Updated at 1:45 p.m. June 12:

Applications to receive grant funding from the Fort Bend County COVID-19 Small Business Emergency Assistance Grant Program will open at 8 a.m. June 15.

The application can be submitted online on the Fort Bend County website, according to a June 10 webinar about the application process for the program.

The county has allocated $22 million to eligible small businesses from the $134.3 million in federal funds from the Coronavirus Aid, Relief and Economic Security Act.

“The $22 million should help roughly 2,200 businesses,” Jeffrey C. Wiley, president/CEO of the Fort Bend County Economic Development Council, said during the webinar. “We know that there's [10,000] to 15,000 businesses that are active in Fort Bend County, so we know this is going to get oversubscribed."

Along with the other webinar speakers, Wiley encouraged all businesses to apply even if they do not initially qualify for the funds.

“It'll give us a good benchmark for folks to go back to Commissioners Court and say, ‘We're overwhelmed,’” Wiley said. “We’ll make our case ... to go back to Commissioners Court as funds become available to reallocate to make this the priority.”

County Judge KP George said at the webinar the county is looking into adding another $4 million to the grant program.

More information about the application process is available in the recorded webinar available here on Youtube.

Updated at 8:04 a.m. June 10:

Starting June 15, small businesses in Fort Bend County can apply for grant money to help them recover from the coronavirus pandemic, according to the June 9 regular Commissioners Court meeting.

At the meeting, the court approved in a 4-1 vote to adopt the guidelines for which businesses can apply and receive grants for the small-business emergency grant program. Precinct 3 Commissioner Andy Meyers voted against the item, stating during discussion he thought the guidelines were not equitable to all businesses hurt by the pandemic.

Fort Bend County has allocated a total of $22 million for this grant program out of $134.3 million in federal funds from the Coronavirus Aid, Relief and Economic Security Act.

Additional details about the guidelines and how to apply for a one-time grant of up to $10,000 will be provided in a 10 a.m. June 10 webinar hosted by the county, per a press release. The webinar will be recorded.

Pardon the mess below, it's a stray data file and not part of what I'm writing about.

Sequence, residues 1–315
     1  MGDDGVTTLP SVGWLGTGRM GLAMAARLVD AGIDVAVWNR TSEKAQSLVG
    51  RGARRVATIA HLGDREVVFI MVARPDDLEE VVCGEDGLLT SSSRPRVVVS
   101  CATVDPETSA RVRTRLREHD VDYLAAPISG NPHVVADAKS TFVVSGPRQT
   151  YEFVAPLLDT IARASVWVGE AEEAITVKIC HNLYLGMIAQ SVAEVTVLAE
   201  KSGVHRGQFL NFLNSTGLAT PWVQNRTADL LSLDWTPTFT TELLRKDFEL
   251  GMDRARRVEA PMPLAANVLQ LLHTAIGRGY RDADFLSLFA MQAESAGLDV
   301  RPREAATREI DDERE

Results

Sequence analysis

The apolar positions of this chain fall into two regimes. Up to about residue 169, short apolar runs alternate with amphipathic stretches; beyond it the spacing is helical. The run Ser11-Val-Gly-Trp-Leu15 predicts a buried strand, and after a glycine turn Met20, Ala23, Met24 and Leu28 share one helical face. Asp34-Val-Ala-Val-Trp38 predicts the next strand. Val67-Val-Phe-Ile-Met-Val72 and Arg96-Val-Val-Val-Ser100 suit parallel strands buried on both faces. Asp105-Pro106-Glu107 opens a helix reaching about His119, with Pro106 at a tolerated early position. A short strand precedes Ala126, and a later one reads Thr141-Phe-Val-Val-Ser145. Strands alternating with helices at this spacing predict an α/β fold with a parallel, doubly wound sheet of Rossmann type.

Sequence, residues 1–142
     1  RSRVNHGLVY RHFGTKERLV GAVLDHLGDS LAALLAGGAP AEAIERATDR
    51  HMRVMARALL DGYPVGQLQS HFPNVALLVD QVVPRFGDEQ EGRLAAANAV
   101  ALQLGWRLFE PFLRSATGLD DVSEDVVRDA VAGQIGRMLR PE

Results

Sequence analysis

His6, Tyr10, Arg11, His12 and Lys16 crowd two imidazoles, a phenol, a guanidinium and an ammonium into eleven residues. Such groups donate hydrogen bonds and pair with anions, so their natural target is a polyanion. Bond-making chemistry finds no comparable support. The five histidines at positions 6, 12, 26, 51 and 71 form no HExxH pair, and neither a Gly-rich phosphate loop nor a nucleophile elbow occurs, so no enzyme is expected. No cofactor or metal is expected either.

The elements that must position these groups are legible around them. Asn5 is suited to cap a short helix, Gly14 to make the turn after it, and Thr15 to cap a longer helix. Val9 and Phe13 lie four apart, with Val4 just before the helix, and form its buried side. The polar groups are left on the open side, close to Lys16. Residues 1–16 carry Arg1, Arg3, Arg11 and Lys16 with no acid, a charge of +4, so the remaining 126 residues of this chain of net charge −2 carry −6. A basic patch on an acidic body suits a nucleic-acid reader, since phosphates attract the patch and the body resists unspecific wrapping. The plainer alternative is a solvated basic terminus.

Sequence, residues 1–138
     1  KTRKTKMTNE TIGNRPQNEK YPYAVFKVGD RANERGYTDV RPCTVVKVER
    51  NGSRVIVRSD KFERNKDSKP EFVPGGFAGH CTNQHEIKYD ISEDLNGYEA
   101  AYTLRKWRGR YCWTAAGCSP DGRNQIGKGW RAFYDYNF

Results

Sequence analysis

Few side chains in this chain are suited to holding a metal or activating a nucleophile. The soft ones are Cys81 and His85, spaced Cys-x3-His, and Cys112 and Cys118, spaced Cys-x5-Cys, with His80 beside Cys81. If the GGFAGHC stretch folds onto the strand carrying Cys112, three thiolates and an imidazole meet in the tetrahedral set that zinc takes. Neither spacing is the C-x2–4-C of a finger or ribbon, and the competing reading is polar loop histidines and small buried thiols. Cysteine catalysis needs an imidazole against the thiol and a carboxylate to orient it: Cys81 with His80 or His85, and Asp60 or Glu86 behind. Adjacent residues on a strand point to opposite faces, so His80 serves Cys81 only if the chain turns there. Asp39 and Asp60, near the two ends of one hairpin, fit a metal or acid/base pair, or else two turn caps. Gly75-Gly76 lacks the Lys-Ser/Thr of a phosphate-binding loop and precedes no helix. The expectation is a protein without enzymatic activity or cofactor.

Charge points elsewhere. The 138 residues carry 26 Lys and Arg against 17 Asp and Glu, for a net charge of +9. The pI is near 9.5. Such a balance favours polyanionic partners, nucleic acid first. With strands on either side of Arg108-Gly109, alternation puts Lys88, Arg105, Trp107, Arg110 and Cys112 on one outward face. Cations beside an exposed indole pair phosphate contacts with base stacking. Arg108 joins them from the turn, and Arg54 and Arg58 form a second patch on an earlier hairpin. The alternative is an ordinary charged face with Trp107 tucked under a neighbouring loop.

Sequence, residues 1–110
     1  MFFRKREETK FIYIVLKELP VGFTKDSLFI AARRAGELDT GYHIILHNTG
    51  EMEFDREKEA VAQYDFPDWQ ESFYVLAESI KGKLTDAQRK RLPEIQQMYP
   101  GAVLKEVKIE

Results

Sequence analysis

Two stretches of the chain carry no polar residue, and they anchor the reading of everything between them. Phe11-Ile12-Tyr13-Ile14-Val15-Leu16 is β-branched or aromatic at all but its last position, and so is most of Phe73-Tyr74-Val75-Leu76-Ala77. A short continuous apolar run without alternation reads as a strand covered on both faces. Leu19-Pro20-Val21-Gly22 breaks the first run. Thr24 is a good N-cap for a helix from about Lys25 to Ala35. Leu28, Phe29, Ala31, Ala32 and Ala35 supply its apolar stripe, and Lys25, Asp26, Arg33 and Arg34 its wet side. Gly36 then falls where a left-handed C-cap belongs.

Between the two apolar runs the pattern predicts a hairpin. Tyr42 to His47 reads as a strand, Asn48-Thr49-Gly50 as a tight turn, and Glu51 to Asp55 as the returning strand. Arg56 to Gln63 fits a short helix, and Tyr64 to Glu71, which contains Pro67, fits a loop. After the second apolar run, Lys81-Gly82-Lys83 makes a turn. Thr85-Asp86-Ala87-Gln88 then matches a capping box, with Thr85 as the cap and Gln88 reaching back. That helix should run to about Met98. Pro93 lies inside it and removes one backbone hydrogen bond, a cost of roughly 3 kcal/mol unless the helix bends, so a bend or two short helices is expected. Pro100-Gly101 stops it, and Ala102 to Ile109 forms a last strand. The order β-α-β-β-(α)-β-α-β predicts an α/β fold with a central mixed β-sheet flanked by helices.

The grant guidelines

In the first two weeks, the county’s grant program will prioritize businesses that applied to the Small Business Association’s Paycheck Protection Program, Economic Injury Disaster Loans and Economic Injury Disaster Grants but were denied or unable to receive funding because the SBA programs no longer had funding available, according to the draft of guidelines provided in the June 9 meeting agenda.

When the two weeks conclude, other eligible businesses may apply.

Businesses are eligible to apply for a one-time grant amount up to $10,000 if they meet the following criteria, per the guidelines:

  • are located in Fort Bend County;

  • experienced a loss of revenue of 25% or more as a direct result of the COVID-19;

  • were operational as of Feb. 15 and are not permanently closed;

  • have an annual revenue between $100,000-$2 million based on 2019 income or the last three months preceding April 3 if the business was not open for a full 12 months in 2019;

  • employ one to 10 full-time employees; and

  • be in good standing with the state and their respective city.

Documentation must be provided with the application to show that the businesses meets these requirements.

Businesses must also provide a description of how they will spend the funds in their application. They will have to provide receipts and documentation for audit purposes. Fund uses include the following:

  • personal protective equipment;

  • reopening supplies, equipment and renovations;

  • inventory;

  • utilities;

  • remote working expenses; and

  • leases/mortgage assistance.

These expenses must have been incurred as of April 3, per the guidelines that also state the county expects the business remain operational in Fort Bend County for at least one year or through Dec. 30.

The guidelines were crafted by a subcommittee of local chambers of commerce and economic development organizations that were led by Jeffrey C. Wiley, the president/CEO of the Fort Bend County Economic Development Council.

“I think the $22 million is a good number, but it needs to be increased over time, and I would hope that the Commissioners Court thinks about those increases,” he said. “We got to get business back as quickly as possible, or everybody's revenue source—the businesses, the city government, all of them—[will] suffer as a result of that."

Additionally, $1 million will be allocated to contracting consultation services for a future program to assist minority businesses, according to the motion by Precinct 2 Commissioner Grady Prestage.